The Crown Tower : The Riyria Chronicles

  • by Michael J. Sullivan
  • Narrated by Tim Gerard Reynolds
  • Series: The Riyria Chronicles
  • 12 hrs and 48 mins
  • Unabridged Audiobook

Publisher's Summary

Hadrian, a warrior with nothing to fight for, is paired with Royce, a thieving assassin with nothing to lose. Together they must steal a treasure that no one can reach. The Crown Tower is the grandest fortress ever built and home to the realm's most prized possessions. But it isn't gold or jewels that their employer is after; if he can keep them from killing each other, they might just get him his prize.


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Customer Reviews

Most Helpful

Love the writing and the series

It still surprises you even when you've read all their other books. Also it's the best book to start the series with!
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- Dan

A slog and a half.

OK, honestly I was bored most of the way through this one.

I should start by saying I've not read Sullivan's first trilogy, only a short story of his (featuring Hadrian and Royce) in the Blackguards anthology. I liked it, thought I'd give his larger works a try. I have not read the original trilogy, The Riyria Revelations because I thought I'd start with the prequels. I will also say I 'read' this by way of audiobook.

The Crown Tower follows 2 story threads. One of Hadrian Blackwater as he struggles to find a place in the world after becoming tired of the soldiering way of life. And one of Gwen as she struggles against an abusive pimp.

The story starts off slow. VERY slow. And to be honest, I don't feel it ever really picks up. It's not just a lack of action, it's a lack of anything seemingly important going on at all. The first half of the book feels like Hadrian on a side-quest, and Gwen crossing the street (both literally and metaphorically).

By the second half of the book Hadrian has met his long time life partner, Royce, and the two are thrust together in the hope that they will one day learn to work with each other and teach each other. The problem is, while I can see that one day they will be a fun buddy-cop pair, they just annoyed the hell out of me. Both of them whine and moan... and then moan and whine. And they keep moaning about the same things over and over again. The plot struggles to move forwards. And when they finally do decide to trust each other, it seems rushed (at least on Royce's part). A lifetime of well-earned mistrust and skepticism and suspicion seems undone by one selfless act on Hadrian's part.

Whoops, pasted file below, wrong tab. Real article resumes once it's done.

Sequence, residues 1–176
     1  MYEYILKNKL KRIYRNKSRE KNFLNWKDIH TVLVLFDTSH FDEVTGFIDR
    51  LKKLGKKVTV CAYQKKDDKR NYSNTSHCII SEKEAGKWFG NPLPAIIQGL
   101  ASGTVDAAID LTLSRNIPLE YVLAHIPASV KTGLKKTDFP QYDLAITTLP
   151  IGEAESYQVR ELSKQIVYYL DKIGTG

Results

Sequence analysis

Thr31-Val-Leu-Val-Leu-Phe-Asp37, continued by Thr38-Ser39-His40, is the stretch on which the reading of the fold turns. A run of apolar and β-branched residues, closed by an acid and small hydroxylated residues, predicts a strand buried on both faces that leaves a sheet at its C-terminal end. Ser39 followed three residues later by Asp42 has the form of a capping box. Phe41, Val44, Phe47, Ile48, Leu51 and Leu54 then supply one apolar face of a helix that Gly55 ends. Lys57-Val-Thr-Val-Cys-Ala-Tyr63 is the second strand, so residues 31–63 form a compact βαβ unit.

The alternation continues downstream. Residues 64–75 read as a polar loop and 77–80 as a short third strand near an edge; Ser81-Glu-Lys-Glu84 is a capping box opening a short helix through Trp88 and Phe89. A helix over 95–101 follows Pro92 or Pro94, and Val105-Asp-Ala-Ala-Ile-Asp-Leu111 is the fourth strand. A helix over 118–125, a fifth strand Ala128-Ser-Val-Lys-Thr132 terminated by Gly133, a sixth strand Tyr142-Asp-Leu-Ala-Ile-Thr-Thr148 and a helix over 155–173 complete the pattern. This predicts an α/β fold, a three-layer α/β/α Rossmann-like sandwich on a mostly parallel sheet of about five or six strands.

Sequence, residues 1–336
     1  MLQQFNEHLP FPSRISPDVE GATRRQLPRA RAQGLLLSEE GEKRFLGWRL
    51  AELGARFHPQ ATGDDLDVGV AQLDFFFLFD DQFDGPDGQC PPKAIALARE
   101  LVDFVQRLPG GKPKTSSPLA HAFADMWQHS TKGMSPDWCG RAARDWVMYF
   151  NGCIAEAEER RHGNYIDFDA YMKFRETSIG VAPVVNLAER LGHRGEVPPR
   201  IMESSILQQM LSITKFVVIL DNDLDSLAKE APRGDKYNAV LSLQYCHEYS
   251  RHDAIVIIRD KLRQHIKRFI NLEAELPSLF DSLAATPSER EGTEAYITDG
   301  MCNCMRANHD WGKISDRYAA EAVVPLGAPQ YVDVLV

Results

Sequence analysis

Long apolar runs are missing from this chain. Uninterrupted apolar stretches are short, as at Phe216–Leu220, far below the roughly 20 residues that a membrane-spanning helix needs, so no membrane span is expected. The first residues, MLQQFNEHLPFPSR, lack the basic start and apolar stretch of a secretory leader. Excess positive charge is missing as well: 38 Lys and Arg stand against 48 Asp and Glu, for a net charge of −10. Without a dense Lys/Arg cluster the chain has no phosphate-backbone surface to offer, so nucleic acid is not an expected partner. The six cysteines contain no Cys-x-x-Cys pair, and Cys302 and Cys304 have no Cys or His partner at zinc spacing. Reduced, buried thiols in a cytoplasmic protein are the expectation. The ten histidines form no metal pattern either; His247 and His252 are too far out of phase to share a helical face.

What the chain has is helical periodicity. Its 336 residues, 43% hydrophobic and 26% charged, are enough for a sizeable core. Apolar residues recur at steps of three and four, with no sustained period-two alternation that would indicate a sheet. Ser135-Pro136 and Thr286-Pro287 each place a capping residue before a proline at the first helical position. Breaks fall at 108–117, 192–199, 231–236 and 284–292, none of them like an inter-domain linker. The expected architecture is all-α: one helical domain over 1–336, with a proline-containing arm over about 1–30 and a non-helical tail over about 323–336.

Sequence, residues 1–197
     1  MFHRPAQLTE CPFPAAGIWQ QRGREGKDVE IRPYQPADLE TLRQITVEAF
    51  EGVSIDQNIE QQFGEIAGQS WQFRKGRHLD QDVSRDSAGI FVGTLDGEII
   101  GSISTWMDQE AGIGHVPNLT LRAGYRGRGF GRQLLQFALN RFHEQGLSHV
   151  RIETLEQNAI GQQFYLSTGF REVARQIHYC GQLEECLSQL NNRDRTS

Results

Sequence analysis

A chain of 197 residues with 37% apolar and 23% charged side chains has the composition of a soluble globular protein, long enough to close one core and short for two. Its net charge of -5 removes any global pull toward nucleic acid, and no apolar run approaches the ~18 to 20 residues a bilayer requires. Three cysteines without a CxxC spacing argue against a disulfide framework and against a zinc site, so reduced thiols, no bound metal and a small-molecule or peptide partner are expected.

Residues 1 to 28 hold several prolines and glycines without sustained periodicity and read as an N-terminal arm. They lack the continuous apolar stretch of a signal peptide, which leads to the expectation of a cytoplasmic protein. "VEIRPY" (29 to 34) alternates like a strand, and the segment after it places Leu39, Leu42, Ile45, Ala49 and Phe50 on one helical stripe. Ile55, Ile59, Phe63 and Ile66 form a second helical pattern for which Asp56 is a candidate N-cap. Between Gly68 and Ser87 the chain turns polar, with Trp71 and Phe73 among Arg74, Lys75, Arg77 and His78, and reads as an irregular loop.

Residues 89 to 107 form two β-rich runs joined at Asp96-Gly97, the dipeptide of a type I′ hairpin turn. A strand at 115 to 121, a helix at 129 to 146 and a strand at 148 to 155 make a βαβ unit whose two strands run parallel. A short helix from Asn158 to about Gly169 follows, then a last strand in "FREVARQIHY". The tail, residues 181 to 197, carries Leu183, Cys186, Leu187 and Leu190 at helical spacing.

Gwen's entire story (while interesting) only actually intersects with Hadrian and Royce's on the penultimate chapter. It feels like two separate stories, not one. And there are too many threads left completely unfinished. We have a chapter from Gwen's nemesis' point of view at one point and then he's foiled once by her (fairly easily) and we never hear from him again. That particular plot line felt a lot like filler.

The problem is, I wanted to like the book. I loved the short story (Professional Integrity) in Blackguards and wanted to read more of Hadrian and Royce. Perhaps I should have started with Revelations because it feels like this book is written for fans of that series rather than potential new readers. If I already knew the characters well and loved them I'd probably be giggling with joy over every sarcastic interaction... but I don't. Maybe I'll give Revelations a try after the sour taste has faded.

Overall I give this one 2 stars because it's well-written and Gwen's story is very interesting.
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- Rob Hayes

Book Details

  • Release Date: 09-07-2013
  • Publisher: Whole Story Audiobooks